5 Secrets of a Pro Grocery Shopper
I'm one of the food stylists here at Cooking Light, which means I find myself spending time at several different grocery stores at least 6 days out of the week. During my years on the job, I've learned that preparation is key. That's the only way I can make my shopping quick, easy, and efficient.
Whether you're shopping for a huge list or just picking up a handful of items, here are some tips to get you in and out of the grocery store in a hurry:
1. Have a list: I organize my list according to category, starting with the bakery. That includes deli, cheese, artisanal breads, and baked goods. Next stop, produce, including grains and nuts. Then I'm on to meats and seafoods, dry goods, dairy, frozen, and alcohol. Having a list keeps me from overbuying—which is especially helpful when I end up hungry, standing in the frozen-food aisle, staring down a box of Bagel Bites.
2. Plan your route. If it is a grocery store I am familiar with, I have my route planned out according to my list. I start by walking in, grabbing a cart, and working my route right to left or left to right. I like starting with the produce section, as it takes me time to sort through to find the best produce they have.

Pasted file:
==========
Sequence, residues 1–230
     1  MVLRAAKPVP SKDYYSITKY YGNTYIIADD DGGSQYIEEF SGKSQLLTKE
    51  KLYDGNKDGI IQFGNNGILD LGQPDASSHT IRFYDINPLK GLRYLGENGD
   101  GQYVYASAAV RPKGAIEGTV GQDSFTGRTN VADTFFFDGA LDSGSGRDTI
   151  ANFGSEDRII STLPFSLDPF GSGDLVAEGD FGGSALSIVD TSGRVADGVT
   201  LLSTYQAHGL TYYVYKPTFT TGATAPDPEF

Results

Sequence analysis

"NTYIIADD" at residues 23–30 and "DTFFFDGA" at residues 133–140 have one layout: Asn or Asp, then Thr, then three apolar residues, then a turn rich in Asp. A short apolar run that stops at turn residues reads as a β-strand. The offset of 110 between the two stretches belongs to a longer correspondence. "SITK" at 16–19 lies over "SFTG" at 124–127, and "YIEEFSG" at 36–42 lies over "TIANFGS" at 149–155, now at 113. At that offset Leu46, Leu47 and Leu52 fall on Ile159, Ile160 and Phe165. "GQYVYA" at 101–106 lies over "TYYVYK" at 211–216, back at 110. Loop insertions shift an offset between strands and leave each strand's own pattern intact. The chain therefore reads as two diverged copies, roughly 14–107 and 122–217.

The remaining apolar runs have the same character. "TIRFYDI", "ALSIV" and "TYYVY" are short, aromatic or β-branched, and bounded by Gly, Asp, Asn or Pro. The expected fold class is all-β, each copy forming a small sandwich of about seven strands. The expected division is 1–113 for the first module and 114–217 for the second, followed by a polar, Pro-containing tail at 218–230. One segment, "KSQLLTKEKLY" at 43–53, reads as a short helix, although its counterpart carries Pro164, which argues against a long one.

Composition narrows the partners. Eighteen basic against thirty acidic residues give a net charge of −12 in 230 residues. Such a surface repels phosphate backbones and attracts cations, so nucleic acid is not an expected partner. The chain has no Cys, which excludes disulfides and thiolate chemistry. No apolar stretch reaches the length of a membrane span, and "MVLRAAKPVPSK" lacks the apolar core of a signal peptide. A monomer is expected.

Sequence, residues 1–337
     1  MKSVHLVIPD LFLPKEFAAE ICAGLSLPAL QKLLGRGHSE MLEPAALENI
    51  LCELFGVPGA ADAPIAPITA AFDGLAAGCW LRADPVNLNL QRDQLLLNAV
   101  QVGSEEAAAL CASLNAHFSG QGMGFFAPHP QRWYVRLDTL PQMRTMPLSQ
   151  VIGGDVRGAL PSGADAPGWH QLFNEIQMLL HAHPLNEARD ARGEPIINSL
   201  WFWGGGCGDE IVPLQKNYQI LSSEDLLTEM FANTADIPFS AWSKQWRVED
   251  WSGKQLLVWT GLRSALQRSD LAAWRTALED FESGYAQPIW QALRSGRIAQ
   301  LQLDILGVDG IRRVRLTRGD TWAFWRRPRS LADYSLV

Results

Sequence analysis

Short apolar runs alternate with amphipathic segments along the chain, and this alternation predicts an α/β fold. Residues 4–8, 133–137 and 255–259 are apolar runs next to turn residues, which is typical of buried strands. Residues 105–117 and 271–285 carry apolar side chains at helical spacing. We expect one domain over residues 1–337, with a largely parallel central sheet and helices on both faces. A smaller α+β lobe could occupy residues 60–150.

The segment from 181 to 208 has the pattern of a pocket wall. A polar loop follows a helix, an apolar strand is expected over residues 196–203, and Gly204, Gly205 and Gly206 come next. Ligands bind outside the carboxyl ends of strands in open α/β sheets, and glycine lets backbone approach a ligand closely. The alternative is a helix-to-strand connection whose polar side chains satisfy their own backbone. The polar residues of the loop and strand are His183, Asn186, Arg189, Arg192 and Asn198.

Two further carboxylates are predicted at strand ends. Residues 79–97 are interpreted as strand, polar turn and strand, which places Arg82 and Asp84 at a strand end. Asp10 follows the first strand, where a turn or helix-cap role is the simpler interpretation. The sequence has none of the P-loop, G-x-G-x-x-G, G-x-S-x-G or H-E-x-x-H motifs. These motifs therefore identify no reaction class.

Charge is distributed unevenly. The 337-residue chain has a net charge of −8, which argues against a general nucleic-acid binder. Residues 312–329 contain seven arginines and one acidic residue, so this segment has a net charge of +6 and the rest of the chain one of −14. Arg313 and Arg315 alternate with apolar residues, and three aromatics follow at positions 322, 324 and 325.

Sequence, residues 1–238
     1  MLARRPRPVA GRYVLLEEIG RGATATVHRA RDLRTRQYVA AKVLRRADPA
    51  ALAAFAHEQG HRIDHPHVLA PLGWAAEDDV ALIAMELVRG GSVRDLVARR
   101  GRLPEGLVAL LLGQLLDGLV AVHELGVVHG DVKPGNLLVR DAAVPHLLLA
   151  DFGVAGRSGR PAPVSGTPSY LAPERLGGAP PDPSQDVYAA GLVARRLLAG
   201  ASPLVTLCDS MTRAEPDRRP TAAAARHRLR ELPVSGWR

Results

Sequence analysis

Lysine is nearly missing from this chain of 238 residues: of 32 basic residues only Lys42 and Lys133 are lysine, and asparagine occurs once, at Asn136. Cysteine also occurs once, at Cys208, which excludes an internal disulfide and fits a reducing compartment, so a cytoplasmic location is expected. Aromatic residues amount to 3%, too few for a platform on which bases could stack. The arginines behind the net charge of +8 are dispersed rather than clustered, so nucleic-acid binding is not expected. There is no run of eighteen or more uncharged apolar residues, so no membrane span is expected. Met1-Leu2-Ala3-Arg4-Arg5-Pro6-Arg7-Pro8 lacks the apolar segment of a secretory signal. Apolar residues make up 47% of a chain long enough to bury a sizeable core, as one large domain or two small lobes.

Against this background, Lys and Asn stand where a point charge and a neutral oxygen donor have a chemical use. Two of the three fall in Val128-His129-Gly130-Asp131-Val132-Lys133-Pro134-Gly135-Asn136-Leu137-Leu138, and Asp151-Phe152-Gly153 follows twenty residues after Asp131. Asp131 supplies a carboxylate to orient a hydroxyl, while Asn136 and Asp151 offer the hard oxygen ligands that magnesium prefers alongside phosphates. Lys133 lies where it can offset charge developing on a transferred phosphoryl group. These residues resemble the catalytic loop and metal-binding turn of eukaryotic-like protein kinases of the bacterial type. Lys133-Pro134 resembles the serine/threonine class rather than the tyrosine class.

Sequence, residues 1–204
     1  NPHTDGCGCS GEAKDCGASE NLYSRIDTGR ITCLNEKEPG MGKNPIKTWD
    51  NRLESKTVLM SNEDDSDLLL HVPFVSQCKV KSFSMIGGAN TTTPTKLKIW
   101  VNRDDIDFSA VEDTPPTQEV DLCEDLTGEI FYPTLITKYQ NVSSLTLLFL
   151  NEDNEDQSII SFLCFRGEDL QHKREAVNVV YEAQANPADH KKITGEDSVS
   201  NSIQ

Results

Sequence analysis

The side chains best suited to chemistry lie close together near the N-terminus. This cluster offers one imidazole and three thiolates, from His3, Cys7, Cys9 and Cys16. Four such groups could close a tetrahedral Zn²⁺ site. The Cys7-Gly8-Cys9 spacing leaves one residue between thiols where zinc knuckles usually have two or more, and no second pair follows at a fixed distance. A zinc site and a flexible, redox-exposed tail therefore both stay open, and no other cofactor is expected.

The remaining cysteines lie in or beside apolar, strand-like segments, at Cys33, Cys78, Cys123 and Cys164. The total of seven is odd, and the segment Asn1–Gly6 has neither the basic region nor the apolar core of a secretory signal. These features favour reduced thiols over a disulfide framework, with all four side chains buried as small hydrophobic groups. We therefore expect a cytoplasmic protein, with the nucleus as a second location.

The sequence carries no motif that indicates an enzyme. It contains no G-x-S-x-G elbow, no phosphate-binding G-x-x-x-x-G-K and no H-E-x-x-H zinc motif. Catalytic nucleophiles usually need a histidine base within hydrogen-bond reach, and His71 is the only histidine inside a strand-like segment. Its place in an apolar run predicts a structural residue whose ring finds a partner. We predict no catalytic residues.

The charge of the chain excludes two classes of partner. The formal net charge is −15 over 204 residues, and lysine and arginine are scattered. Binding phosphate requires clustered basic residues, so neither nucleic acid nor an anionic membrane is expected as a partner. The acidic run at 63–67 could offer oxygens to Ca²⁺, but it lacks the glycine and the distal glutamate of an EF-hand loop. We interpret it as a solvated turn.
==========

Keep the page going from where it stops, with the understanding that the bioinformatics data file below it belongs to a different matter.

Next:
3. Call ahead. If there is anything questionable on my list or if a store might only carry that particular item occasionally, I will call ahead and check. I don’t want to spend time wandering the aisles looking for it, so I find out if they carry it and if they have it in stock before I leave the house.
4. Be line smart. Lines … where to even begin? If I only have a handful of items, less than five, I head over to customer service. If the store has an express lane, that may be an option, but those can be long sometimes. Other than that, it is the luck of the draw. Look for fast-moving cashiers and have your items out of your cart as quickly as possible.
5. Master the check-out game: My number one pet peeve is unloading my groceries to find my herbs, especially parsley and cilantro, at the very bottom of a bag squished under my potatoes. Argh! That's why I tend to group my items together, how I want them to be bagged. It doesn’t always work out that way, but I try. Another example: I like my produce and other cold-storage items to be together. I also want my meat bagged separately. Try keeping boxy items together, frozen, and dairy, too.
What other savvy shopping tips do you have for maximizing your time in the grocery aisles? Share in the comments section.